Raspberry Pi Pico is a low-cost, high-performance microcontroller unveiled in January 2021 as the first Raspberry Pi board to use the foundation’s in-house developed RP2040 chip. The board is designed for rapid prototyping and development applications, providing an affordable and powerful platform for projects embedded.
Il chip RP2040 on which Raspberry Pi Pico bases its operation, integrates a 133 MHz ARM Cortex-M0+ dual-core processor, 264 KB of RAM. The card integrates numerous features and connectors that make it very versatile. Think of the 26 pins GPIO which can be used to connect a variety of sensors, actuators and other devices.
The card supports the serial communication, I2C, SPI and PWM to connect to other devices and components. It also consists of 2MB of flash memory on-board for saving firmware and data. Raspberry Pi Pico can be powered through a micro USB connector o tramite i pin GPIO.
In July 2022, Raspberry Pi Pico W was also presented, a variant that also features WiFi support. Recently (June 2023) it has also been enriched with Bluetooth connectivity.
A Basic interpreter for Raspberry Pi Pico
And interprete Basic is a program that reads, parses and executes instructions written in the Basic language. The Basic (Beginner’s All-purpose Symbolic Instruction Code) is a high-level programming language developed in the 1960s to make programming more accessible to beginners. Basic interpreters allow users to write instructions in Basic language and to see them executed immediately.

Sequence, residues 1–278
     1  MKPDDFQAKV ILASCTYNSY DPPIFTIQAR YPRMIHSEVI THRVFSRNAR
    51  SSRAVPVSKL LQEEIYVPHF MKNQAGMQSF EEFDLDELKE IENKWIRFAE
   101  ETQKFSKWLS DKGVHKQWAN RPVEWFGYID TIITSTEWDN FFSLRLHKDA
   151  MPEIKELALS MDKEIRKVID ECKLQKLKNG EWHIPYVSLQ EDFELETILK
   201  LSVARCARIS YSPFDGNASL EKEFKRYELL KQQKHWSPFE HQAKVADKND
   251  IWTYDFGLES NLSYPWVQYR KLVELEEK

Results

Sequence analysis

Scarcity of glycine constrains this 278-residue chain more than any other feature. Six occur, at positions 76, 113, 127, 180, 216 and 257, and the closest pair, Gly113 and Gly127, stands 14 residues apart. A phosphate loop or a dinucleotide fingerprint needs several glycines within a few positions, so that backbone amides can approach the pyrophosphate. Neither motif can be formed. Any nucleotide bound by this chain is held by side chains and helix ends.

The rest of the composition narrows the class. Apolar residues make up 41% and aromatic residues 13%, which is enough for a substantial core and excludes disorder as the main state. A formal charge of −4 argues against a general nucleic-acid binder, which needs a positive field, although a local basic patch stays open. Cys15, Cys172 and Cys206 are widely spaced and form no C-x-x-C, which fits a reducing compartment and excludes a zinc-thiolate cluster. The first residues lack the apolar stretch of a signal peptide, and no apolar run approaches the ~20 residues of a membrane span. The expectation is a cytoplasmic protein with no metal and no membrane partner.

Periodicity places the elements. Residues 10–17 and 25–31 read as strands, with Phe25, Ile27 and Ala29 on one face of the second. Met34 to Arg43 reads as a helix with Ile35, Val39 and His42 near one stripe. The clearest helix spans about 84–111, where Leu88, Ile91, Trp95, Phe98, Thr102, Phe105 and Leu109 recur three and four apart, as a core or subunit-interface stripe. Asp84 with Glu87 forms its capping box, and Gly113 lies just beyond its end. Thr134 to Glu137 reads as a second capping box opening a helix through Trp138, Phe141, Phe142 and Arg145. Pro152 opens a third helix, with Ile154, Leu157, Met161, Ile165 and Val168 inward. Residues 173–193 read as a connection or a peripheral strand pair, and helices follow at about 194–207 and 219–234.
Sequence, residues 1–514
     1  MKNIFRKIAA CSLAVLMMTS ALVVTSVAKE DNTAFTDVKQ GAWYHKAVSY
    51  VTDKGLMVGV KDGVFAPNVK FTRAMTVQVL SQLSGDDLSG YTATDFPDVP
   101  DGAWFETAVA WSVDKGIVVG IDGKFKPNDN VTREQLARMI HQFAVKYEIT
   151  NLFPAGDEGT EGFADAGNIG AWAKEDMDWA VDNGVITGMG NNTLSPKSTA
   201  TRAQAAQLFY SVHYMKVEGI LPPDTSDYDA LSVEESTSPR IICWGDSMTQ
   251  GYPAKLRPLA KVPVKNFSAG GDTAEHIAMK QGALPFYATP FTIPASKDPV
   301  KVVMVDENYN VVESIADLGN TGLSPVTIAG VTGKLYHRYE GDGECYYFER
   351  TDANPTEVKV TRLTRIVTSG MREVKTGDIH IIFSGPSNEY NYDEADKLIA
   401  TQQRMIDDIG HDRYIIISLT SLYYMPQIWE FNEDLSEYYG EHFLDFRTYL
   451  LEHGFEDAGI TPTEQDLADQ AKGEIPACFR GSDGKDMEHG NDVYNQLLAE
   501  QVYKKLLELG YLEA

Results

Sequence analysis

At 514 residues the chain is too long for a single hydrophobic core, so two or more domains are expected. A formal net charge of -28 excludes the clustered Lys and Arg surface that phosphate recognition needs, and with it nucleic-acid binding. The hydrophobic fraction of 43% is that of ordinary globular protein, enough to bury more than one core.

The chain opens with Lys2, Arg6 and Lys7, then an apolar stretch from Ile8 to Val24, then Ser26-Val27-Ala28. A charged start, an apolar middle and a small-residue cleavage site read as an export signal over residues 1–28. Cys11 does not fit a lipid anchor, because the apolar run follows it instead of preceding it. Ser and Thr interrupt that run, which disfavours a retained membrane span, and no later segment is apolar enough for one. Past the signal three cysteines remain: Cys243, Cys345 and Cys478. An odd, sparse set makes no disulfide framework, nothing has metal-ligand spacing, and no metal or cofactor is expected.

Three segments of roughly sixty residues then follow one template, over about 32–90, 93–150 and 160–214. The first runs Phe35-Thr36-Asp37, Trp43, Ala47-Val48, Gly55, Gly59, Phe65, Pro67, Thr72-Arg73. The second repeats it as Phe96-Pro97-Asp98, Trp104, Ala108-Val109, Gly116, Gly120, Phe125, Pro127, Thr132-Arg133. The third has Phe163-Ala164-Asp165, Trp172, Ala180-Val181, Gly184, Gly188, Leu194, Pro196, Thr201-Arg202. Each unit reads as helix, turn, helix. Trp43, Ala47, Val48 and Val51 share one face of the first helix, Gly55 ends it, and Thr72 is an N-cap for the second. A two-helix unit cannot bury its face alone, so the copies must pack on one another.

Unlike the compilers, which translate the entire program into machine language before execution, interpreters work line by line. The interpreter reads a line of code, parses it and executes it immediately, displaying the results or any errors. In another article we saw the differences between compiled and interpreted language.
Even though Basic has lost some of its popularity over the years, Basic interpreters are still used today as learning tools and for developing simple applications.
The piccoloBASIC project, recently shared on GitHub, aims to simplify the Raspberry Pi Pico programming thanks to the use of a Basic interpreter. Users can use all the fundamental constructs such as
let, if, print, for, goto e
gosub. Also, you can interact with the pin GPIO directly, without too much balancing act.
The Raspberry Pi Pico is normally programmable using the programming language C/C++ o MicroPython. You can use an integrated development environment (IDE) of your choice, such as the development software Arduino or MicroPython IDE, for writing and uploading code to the Pico.
Starting point for making piccoloBASIC it was uBASIC by Adam Dunkels,”a really simple BASIC interpreter” as it is described. “Written in a couple of hours, for the hell of it, it’s used in a lot of places today“.
How to use piccoloBASIC with Raspberry Pi Pico
To start working with piccoloBASICyou must first install theSDK Pico C/C++. The Getting started support documentation is the best place to start. There environment variable
PICO_SDK_PATH should be defined as follows:
At this point, just clone the code from the GitHub repository, create a directory called
build. Going to this folder, you must then issue the following command:
The resulting file, called
piccoloBASIC.uf2can be sent to the Raspberry Pi Pico board by rebooting by pressing
bootsel then copying the .uf2 file.